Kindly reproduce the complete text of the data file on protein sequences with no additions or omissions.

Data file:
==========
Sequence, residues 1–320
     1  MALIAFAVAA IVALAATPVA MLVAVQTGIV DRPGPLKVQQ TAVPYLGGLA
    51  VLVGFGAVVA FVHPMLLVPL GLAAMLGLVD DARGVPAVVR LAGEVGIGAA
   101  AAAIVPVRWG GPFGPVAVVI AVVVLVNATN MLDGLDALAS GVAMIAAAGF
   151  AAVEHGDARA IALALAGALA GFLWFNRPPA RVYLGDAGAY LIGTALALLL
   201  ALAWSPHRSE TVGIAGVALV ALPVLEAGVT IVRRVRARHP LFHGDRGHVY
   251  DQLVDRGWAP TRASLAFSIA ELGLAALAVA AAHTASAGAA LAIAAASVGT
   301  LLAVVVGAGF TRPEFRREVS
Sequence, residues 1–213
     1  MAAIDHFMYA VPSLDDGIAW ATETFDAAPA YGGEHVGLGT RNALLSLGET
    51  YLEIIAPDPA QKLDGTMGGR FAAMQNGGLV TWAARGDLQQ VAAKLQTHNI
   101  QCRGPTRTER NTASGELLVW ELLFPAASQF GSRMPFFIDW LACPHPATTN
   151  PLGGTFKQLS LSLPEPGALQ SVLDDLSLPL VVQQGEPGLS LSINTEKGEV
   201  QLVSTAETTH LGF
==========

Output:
Sequence, residues 1–320
     1  MALIAFAVAA IVALAATPVA MLVAVQTGIV DRPGPLKVQQ TAVPYLGGLA
    51  VLVGFGAVVA FVHPMLLVPL GLAAMLGLVD DARGVPAVVR LAGEVGIGAA
   101  AAAIVPVRWG GPFGPVAVVI AVVVLVNATN MLDGLDALAS GVAMIAAAGF
   151  AAVEHGDARA IALALAGALA GFLWFNRPPA RVYLGDAGAY LIGTALALLL
   201  ALAWSPHRSE TVGIAGVALV ALPVLEAGVT IVRRVRARHP LFHGDRGHVY
   251  DQLVDRGWAP TRASLAFSIA ELGLAALAVA AAHTASAGAA LAIAAASVGT
   301  LLAVVVGAGF TRPEFRREVS
Sequence, residues 1–213
     1  MAAIDHFMYA VPSLDDGIAW ATETFDAAPA YGGEHVGLGT RNALLSLGET
    51  YLEIIAPDPA QKLDGTMGGR FAAMQNGGLV TWAARGDLQQ VAAKLQTHNI
   101  QCRGPTRTER NTASGELLVW ELLFPAASQF GSRMPFFIDW LACPHPATTN
   151  PLGGTFKQLS LSLPEPGALQ SVLDDLSLPL VVQQGEPGLS LSINTEKGEV
   201  QLVSTAETTH LGF